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Kitchin gets wild in the kitchen

Cooking wild meat isn't as difficult as you might think and kids can eat it too. Michelin-starred chef Tom Kitchin is on a mission to get us all eating more game.

Tom Kitchin's new book Meat & Game is stuffed with tantalising recipes for partridge, grouse, pigeon, rabbit and venison

TOM Kitchin's new book, Meat & Game, is stuffed with tantalising recipes for partridge, grouse and pigeon, as well as rabbit and venison, that should inspire us to go wild and try new things in the kitchen.

"I think people are a bit bored of Saturday night steak, you know?" says Tom, 40, who runs The Kitchin restaurant and The Scran & Scallie pub in Edinburgh.

"Game isn't too tricky to cook, even though it will probably impress your guests," he says.

There's potted pheasant, Asian poached pheasant, pheasant cock-a-leekie, barbecue pheasant and even pheasant and partridge scotch eggs, to spice up those Saturday dinners.

Tom believes game has had a bit of a tough time – seen as simply the preserve of those who go on shooting parties – but wants to reclaim it as meat for everyone, adding: "I've never shot anything in my life, honestly!"

He's pleased that game is starting to be recognised as a healthier meat alternative too: "People are starting to understand that eating venison is accessible, it's so lean, it's so tasty, it's not too expensive."

Some children will eat game – Tom's do. He has four boys, Kasper, 9, Axel, 7, and identical twins Lachlan and Logan, who've just turned 4, with his Swedish wife Michaela, who is also his business partner.

"They're real foodies. They've been brought up in the restaurant, especially the first one – my wife was answering the phone and taking bookings rocking the Maxi-Cosi (car seat) at her feet. That's the way it was back then.

"We have a pub, so we eat there all the time, and they'll say, 'Can I have lobster today? Can I have the crab or the grouse?' I'm trying to get them to understand that it's not normal to have that all the time.

"But they're just normal kids and they're not fussy eaters, which is really nice."

There's no "crazy romantic story" to how he became a chef, but he got a a job washing dishes in a local pub at 14 for pocket money and "just loved the adrenaline of the kitchen".

"I didn't really like school, I wasn't very good at it, so I wanted out as quickly as possible," he says.

"Back then, cooking wasn't rock and roll like it is now, like when you said to your mum and dad you want to leave school at 16 and be a chef, it really wasn't what they were planning I guess. I'm just amazed that they supported me.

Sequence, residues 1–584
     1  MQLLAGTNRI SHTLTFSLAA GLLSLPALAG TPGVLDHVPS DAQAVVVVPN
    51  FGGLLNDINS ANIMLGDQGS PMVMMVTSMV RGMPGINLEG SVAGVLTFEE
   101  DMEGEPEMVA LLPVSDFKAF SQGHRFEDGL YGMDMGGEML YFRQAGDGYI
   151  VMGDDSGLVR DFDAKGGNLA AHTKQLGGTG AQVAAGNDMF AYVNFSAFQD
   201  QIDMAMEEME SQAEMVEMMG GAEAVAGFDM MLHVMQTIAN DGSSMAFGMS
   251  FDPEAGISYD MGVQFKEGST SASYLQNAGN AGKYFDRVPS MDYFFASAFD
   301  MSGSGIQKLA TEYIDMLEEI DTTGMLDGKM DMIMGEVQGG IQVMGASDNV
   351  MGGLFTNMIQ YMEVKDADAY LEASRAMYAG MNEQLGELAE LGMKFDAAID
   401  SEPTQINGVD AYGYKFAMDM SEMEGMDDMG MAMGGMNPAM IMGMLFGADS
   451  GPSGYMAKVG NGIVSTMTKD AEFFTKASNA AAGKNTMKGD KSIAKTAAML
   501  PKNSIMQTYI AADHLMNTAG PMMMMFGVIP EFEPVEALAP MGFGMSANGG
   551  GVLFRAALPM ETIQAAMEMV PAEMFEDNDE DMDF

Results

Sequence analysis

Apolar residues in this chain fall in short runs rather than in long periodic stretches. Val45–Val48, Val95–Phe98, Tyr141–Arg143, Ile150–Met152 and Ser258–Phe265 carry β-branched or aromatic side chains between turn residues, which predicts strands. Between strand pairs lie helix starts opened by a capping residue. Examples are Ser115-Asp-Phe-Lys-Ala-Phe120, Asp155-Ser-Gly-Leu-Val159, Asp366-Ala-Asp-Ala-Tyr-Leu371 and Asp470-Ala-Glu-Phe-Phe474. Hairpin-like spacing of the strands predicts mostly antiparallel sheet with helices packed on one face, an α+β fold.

"I met really good people, but I worked incredibly hard, I don't know where I got this gritty determination to keep going... I just wanted to work for the best chefs in the world, which obviously was quite gruelling, but I wouldn't be doing what I'm doing today if it wasn't for that."

"For me, it's really important that I'm in the restaurant. I am a chef who's in the kitchen all the time and it's been a success, so why should I break that?"


"This is a Kitchin family movie supper classic – something fun to eat while we all settle down in front of the screen," says the chef.


(Makes 12)

4 free-range chicken breast fillets, each cut into 5 strips

100g Cajun spice mix

Olive oil

Sea salt

For the avocado and pea guacamole:

200g frozen peas

Olive oil

Finely grated zest and juice of 1 lime

3 ripe avocados

2 small green chillies, deseeded and very finely chopped

2 spring onions, finely chopped

For the tomato salsa:

200g cherry tomatoes, chopped

1/2 green chilli, deseeded and chopped

1tbsp finely chopped shallot

To serve:

1 Baby Gem lettuce, shredded

100g creme fraiche

12 small tacos shells

Sunflower seeds


Place the chicken strips in a non-reactive bowl and add a good sprinkling of spice mix and a splash of olive oil - the spicier you like your food, the more spice mix you should use. Season lightly with salt, then set aside for 30 minutes.

Meanwhile, make the guacamole.

Bring a saucepan of lightly salted water to the boil and set a bowl of iced water in the sink. Add the frozen peas to the boiling water and blanch for 3-5 minutes until tender. Drain them well, then tip them into the iced water to stop them cooking and set the colour.

Drain the peas again and transfer to a blender or food processor with about 2 tablespoons of oil, the lime zest and juice and a splash of water. Season with salt and blend to make a chunky puree. Set aside.

Halve the avocados, remove the stones and peel them. Put the flesh in a non-reactive bowl and use a fork to coarsely mash. Add the pea puree, green chillies and spring onions, and season with salt. Cover the surface closely with clingfilm and chill for up to 2 hours until required.

To make the tomato salsa, put all the ingredients in a non-reactive bowl and season with salt and pepper. Set aside until required.

When you're ready to cook the chicken, heat a large well-seasoned saute or frying pan over a medium-high heat, then brush the surface with oil. When it is hot, add as many chicken strips as will fit without over-crowding the pan and fry, turning once, for 4 minutes, until they are cooked through and tender.

Cook in batches, adding a little extra oil, if necessary. Remove the chicken from the pan and keep hot.

To serve, divide the shredded lettuce among the taco shells. Top each with a couple of spoonfuls of guacamole, followed by chicken. Add the tomato salsa and a dollop of creme fraiche to each, then sprinkle with sunflower seeds and serve.

:: Tom Kitchin's Meat & Game by Tom Kitchin, photography by Marc Millar, is published in hardback by Absolute Press, priced £26. Available now.

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